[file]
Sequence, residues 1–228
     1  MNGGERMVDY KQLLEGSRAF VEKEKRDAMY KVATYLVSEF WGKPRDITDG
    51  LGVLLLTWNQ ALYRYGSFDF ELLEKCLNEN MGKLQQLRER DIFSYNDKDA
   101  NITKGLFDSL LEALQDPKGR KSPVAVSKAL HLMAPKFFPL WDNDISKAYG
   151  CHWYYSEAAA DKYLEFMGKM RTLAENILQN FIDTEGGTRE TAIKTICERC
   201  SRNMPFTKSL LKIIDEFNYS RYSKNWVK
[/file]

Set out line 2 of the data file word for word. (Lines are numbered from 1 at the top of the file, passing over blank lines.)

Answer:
     1  MNGGERMVDY KQLLEGSRAF VEKEKRDAMY KVATYLVSEF WGKPRDITDG